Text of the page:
Affirmative Action and Black Entrepreneurship

By Thomas D. Boston | Go to book overview
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Understanding the entrepreneur

The traits and activities of entrepreneurs have been studied for more than two hundred years. Individuals such as Richard Cantillion (c.1730), Jean-Baptiste Say (c.1810), Karl Marx (c.1867), Alfred Marshall (c.1890), Joseph Schumpeter (c.1910) and in recent times Harvey Leibenstein (c.1970) have all contributed significantly to this body of knowledge. Today, research on entrepreneurship is growing in popularity in several academic areas of study including psychology, economics, management, sociology and anthropology. The traits identified as most common to entrepreneurs are risk-bearing behavior, the coordination of productive resources, introduction of innovation and creativity, and the provision of capital. Oliver Clay ton argues that entrepreneurs must:

Be aggressive, be competitive, be goal-oriented, be egocentric, make decisions, be an achiever very earlier in life, be a loner in your final decision, put family and friends second to business, be an opportunist, do not be security-oriented, be persistent, have determination, be an optimist (to an extreme), have desire to achieve, be hyperactive mentally, be a dreamer, be a calculated risk-taker, want power, learn from previous mistakes, be a perfectionist and be intuitive. 1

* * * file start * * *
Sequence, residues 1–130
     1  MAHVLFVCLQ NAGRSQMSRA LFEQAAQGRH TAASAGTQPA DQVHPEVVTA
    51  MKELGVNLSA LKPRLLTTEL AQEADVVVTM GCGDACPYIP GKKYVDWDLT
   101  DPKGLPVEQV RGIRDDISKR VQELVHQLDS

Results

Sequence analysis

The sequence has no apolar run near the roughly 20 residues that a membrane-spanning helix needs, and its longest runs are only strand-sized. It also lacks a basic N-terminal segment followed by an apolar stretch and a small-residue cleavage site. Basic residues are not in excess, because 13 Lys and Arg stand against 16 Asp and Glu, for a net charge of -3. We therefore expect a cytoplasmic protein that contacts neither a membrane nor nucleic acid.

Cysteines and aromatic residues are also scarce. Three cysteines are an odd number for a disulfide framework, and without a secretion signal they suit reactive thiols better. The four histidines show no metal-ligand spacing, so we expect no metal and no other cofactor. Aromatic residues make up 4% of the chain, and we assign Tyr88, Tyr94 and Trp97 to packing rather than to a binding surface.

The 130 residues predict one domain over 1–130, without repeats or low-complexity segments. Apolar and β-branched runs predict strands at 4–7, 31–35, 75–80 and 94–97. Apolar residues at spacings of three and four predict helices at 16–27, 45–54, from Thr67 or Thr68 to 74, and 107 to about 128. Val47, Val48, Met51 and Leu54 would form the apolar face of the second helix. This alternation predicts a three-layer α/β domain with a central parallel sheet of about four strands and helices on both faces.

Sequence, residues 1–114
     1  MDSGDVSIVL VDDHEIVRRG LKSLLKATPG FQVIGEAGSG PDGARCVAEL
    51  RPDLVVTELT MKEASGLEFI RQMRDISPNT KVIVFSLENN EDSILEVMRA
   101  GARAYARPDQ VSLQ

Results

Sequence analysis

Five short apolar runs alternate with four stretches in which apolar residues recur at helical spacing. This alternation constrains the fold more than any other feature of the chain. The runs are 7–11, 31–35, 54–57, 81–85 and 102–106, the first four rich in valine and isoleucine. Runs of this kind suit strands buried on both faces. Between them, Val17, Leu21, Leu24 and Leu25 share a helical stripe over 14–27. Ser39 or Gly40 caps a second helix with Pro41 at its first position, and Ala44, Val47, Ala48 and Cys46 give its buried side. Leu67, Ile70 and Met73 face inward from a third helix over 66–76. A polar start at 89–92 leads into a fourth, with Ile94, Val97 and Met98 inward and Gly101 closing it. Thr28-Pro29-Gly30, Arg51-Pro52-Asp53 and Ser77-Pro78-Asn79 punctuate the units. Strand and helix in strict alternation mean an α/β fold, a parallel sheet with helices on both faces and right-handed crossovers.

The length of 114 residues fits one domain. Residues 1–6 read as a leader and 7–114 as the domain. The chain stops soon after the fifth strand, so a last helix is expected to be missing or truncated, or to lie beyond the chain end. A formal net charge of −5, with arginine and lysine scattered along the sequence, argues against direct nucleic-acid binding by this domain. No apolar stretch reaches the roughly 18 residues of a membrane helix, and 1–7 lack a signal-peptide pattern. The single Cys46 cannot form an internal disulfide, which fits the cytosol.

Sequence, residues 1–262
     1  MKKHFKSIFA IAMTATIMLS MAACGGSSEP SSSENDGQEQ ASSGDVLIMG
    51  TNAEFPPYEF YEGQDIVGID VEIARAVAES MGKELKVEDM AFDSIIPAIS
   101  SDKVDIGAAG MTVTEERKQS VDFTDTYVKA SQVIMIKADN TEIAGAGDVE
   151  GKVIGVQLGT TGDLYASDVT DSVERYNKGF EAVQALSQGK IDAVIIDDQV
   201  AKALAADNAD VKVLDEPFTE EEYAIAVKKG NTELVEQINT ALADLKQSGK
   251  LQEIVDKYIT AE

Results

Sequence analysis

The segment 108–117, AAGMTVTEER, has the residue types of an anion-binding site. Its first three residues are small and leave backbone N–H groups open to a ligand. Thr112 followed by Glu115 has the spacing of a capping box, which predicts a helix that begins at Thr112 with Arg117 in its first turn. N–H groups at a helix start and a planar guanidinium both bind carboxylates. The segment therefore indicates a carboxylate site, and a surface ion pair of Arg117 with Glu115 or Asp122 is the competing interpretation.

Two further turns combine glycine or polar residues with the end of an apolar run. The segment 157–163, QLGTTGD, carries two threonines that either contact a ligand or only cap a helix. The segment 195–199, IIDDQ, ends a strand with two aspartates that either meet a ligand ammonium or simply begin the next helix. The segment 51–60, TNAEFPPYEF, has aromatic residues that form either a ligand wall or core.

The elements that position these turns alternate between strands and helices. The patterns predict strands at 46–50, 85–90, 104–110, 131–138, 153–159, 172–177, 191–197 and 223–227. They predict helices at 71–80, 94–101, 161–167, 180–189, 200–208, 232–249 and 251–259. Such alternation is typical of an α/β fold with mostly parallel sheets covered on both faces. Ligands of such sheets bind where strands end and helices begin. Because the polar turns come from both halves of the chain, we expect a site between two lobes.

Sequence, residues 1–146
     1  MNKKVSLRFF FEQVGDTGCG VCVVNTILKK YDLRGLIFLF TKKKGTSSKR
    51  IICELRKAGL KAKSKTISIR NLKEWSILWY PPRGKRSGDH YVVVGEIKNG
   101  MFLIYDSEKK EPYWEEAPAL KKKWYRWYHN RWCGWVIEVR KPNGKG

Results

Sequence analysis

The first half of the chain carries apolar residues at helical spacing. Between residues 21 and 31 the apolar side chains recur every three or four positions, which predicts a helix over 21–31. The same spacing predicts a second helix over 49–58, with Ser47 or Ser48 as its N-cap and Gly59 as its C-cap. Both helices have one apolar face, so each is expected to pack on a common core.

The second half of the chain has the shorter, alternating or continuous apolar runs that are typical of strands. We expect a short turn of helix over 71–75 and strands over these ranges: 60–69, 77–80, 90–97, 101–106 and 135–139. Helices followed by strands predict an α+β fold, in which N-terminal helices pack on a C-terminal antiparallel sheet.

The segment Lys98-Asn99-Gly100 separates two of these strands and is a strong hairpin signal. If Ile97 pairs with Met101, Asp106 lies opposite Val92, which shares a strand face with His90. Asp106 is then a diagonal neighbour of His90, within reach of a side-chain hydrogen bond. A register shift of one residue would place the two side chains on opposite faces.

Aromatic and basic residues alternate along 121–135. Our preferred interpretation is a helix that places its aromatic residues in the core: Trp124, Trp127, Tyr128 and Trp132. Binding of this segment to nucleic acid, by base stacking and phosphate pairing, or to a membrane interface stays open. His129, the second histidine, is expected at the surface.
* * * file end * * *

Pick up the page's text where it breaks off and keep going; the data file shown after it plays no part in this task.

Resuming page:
In a study of 217 minority entrepreneurs, Hirsch and Brush identified the factors that provide the greatest motivation for minorities to enter entrepreneurship. In order of importance they are: achievement, opportunity, job satisfaction, independence, money, economic necessity, career security, power, and status. Similarly, the factors that create the biggest barriers in business


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Affirmative Action and Black Entrepreneurship


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